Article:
Research Support through the Miami University Regionals E-Campus Fellowship Program

Concurrent Session 6

Brief Abstract

The Miami University Regional E-Campus Research Fellowship program supports and promotes faculty scholarship on topics related to online learning. Fellows receive support from the fellowship planning team which includes experienced faculty as well as E-Campus administration and staff from grants and development and the library. 


Tom Mays is an Associate Professor of Commerce at Miami University where he teaches courses in business software and small business innovation. He also serves as the Miami University Regional E-Campus Research Fellows Coordinator. Professionally, Tom started T.A.M. Communications in 1997, less than two years after receiving his undergraduate degree in communication from Ohio University. His business initially focused on media production but quickly grew to include technical support services for corporate events, interactive media and web development, and online data collection and analytics. Tom has traveled the country as technical director and a lead computer and video engineer for several major corporations. Tom completed graduate degrees at Wright State University including an MBA and a Master of Science in Social and Applied Economics, and he earned a Ph.D. in Educational Leadership from the University of Dayton where he studied social capital development in post-secondary education.

Extended Abstract

Started in 2016, the Miami University Regional E-Campus Research Fellowship program supports and promotes faculty scholarship on topics related to online learning. The need for a research support program emerged as the Miami University regional campuses markedly expanded our offerings of online courses and degrees. With the increase in online courses, programs, and faculty teaching online, E-Campus recognized an opportunity for supporting the scholarship of online teaching and learning, and created the E-Campus Research Fellowship program.

The session will include a brief overview of the program processes, examples of successful fellowship projects, and an overview of the next phase of the program which involves seeking research collaborations with scholars from other institutions. Thus an important reason for bringing this topic to an Emerging Ideas session is the opportunity to meet attendees and discuss the fellowship program as well as discover opportunities for collaboration.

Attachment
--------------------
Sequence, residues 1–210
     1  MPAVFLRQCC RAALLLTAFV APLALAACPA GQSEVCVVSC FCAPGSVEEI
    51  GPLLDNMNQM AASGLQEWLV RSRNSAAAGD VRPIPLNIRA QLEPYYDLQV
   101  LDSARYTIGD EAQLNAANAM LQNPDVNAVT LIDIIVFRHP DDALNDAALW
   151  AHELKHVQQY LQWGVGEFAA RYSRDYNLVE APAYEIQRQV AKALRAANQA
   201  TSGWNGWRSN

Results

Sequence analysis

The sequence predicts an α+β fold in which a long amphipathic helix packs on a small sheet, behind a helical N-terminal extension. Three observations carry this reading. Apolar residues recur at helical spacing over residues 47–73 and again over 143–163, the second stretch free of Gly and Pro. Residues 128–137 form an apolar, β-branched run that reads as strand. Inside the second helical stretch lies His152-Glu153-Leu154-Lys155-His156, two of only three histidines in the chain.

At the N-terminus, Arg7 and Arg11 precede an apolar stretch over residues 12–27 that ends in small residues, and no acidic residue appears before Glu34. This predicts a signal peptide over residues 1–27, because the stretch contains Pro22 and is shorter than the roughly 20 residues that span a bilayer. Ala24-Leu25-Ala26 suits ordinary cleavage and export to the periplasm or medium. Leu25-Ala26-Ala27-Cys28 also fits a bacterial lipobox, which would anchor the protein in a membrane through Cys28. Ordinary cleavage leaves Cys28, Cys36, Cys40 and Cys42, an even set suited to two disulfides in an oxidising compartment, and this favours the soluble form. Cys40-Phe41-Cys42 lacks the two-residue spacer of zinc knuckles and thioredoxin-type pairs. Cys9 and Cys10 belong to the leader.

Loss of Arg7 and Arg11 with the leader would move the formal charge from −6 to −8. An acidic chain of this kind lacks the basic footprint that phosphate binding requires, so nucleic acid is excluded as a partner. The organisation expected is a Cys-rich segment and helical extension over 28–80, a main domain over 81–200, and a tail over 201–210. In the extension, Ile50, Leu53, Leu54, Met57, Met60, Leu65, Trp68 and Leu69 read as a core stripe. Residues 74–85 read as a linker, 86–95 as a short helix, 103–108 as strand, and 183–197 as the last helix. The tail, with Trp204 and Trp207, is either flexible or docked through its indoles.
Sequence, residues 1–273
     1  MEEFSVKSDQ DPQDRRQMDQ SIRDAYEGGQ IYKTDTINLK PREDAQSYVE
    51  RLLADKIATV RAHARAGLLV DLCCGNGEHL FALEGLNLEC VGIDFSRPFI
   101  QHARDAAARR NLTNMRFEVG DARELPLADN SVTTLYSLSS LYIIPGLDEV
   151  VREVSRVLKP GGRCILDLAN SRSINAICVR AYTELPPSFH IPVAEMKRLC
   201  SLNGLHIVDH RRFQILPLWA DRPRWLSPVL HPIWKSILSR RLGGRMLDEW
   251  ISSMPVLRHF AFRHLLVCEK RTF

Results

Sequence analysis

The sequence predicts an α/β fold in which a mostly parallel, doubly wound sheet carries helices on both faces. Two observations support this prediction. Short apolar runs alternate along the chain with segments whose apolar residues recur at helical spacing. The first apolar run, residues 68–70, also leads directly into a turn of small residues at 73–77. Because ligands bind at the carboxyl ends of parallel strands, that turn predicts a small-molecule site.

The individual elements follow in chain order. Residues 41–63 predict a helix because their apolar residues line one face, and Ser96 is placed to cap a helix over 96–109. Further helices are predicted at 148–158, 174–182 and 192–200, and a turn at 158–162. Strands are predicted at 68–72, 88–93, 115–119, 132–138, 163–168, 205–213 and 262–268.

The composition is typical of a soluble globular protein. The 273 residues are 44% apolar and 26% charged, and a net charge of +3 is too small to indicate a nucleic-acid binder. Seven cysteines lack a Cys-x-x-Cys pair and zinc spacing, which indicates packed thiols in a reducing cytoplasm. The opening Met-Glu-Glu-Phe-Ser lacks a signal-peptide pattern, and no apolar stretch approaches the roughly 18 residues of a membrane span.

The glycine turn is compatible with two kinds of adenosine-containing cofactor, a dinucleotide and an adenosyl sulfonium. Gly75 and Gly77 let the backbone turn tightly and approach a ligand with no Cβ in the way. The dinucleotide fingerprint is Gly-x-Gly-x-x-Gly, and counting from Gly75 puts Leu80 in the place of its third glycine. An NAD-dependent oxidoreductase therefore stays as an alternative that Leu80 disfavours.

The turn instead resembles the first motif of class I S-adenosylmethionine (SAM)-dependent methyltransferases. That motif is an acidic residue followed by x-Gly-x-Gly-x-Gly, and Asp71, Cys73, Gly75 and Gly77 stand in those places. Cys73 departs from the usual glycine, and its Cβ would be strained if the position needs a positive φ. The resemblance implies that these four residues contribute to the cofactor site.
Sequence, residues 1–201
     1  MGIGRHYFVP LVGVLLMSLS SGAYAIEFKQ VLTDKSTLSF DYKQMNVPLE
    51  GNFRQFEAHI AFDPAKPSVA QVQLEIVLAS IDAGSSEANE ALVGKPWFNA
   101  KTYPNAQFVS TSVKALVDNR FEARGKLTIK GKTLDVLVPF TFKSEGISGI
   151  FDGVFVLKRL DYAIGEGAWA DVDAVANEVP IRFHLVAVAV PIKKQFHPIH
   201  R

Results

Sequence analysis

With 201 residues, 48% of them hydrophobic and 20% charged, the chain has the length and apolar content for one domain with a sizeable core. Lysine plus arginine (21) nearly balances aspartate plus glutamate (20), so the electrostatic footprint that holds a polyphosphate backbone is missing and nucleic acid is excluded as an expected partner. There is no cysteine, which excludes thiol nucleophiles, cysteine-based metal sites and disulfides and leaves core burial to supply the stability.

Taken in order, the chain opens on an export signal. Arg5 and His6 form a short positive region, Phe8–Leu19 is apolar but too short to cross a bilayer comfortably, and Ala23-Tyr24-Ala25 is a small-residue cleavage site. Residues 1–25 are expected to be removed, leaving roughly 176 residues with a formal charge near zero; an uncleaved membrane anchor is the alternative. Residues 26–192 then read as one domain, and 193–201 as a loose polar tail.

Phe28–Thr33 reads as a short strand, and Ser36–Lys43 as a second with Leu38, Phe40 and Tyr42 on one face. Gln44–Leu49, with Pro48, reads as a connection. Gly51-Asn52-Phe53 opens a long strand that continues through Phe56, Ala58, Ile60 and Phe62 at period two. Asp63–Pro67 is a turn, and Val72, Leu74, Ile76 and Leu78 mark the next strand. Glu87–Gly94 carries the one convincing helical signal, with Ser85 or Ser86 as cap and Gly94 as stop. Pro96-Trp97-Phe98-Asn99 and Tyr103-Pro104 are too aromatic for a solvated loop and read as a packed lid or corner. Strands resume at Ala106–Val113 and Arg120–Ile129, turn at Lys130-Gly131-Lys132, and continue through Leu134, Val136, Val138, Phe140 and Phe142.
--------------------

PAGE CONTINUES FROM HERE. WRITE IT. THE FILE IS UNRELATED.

Program Description

Those faculty seeking a fellowship submit a research proposal for review by the planning team led by the E-Campus Research Fellowship Coordinator (the session presenter). Interested faculty apply in the spring semester with a new cohort selected each year. In addition to faculty who apply directly to the fellowship program, faculty who are engaged in an E-Campus Faculty Learning Community (E-FLC)can enter the fellowship program after completing their E-FLC project.

The program has a structured but flexible format. After selection to the program, the fellows meet with the planning team and the coordinator to discuss the fellow’s project ideas. Next, the fellows complete a statement of work form to kick off their projects. Twice a year, fellows submit an update report to the planning team, and when a fellow completed their project, they submit a final report.

Throughout the term, fellows receive support from the planning team which includes experienced faculty as well as E-Campus administration and staff from grants and development and the library. Fellows attend semiannual meetings with the planning team and their cohort members to discuss research progress and areas for collaboration and support. Fellows also are encouraged to meet one-on-one with the program coordinator with questions and concerns.

Specific areas of support include Institutional Review Board (IRB) guidance, Qualtrics and SPSS training and consulting, and feedback on research methods, data collection, and more. Additionally, fellows receive help on identifying dissemination opportunities including conferences and journals.

Example Fellowship Research Topics

The following are project topics that fellows have completed or are in the process of completing.

  • Collective Feedback Studies in Online Writing Instruction
  • Social interactions in a newly launched online pre-k teacher program
  • Using reflection and Agile methods to improve group projects
  • Redesigning online discussion forums to enhance cognitive presence
  • Online learning satisfaction/experience
  • Service Learning in online courses

Program Benefits

Research fellows are highly encouraged to present their findings (and research in progress) on campus as part of the Miami University Regionals opening day workshops at the beginning of each academic year. Since the fellows’ topics are directly related to online teaching and learning, they apply to a wide variety of faculty meaning that new technologies, practices, and approaches that emerge from research projects directly benefit the campus community. This local impact is a critical aspect of the fellowship program. Additionally, fellows are encouraged to present their findings at a conference and/or submit their work to an academic journal. These dissemination activities can help pre-tenure faculty improve their scholarship portfolio as well as provide a wider audience for their work.

Goals for Emerging Ideas Session

  • Share the structure and processes of the program with interested parties from other institutions
  • Discuss how the program could be implemented at other institutions
  • Meet faculty who have an interest in collaborating on future research projects.